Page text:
02 April 2011

Fossil Vertebrate of the Month: Baryonyx walkeri

Last month's fossil vertebrate was an Irish icon, so in honor of April's St. George's Day, it only seems fair to put the spotlight on an English animal.  The earliest dinosaurs to ever be described were English, but for the most part the end of the Victorian Era was also the end of new dinosaur discoveries in Great Britain.  A few new taxa have come to light in the previous few decades, though, perhaps the most impressive of which is the bizarre Baryonyx walkeri.  Uncovered in Surrey in 1983 and named in 1986, the genus name translates as 'heavy claw,' a reference to the large, recurved claws on the animal's hands.  The other noteworthy feature of Baryonyx is its elongated skull with a kinked jaw, remarkably similar to that of a crocodile.  This skull, in conjunction with fish scales found within the specimen's body cavity, led to the conclusion (since challenged by some, but still largely accepted) that Baryonyx was piscivorous.  It's unusual morphology meant that the relationship of Baryonyx to other dinosaurs remained a mystery for some years, though the discovery of similar dinosaurs have shown that it was a member of the Spinosauridae, a group of large (in at least one case very large), sometimes sail-backed, likely fish-eating group of theropods that lived mainly on the southern continents during the Cretaceous.  Baryonyx was very closely related to the much-publicized African spinosaur Suchomimus tenerensis; in fact, the two were likely members of the same genus.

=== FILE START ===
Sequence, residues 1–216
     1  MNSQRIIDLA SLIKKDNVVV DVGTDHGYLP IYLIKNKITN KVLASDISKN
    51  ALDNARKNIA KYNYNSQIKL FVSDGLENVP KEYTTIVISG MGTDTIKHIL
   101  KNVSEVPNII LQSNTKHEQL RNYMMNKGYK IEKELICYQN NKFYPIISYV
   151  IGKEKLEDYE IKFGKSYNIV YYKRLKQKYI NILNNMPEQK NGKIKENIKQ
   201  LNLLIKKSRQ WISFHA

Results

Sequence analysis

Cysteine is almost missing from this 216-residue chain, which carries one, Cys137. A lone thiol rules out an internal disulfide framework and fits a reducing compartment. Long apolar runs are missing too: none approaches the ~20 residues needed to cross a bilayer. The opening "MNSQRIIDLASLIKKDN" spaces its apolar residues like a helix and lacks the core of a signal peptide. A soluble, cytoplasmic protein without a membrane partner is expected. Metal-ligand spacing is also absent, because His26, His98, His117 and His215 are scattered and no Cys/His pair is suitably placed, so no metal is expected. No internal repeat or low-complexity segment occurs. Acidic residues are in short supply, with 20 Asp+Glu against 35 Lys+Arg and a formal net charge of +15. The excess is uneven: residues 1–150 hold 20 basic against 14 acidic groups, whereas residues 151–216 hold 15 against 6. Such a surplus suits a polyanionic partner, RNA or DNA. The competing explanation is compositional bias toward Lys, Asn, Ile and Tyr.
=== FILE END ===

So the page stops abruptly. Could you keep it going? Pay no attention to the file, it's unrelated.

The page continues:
No comments: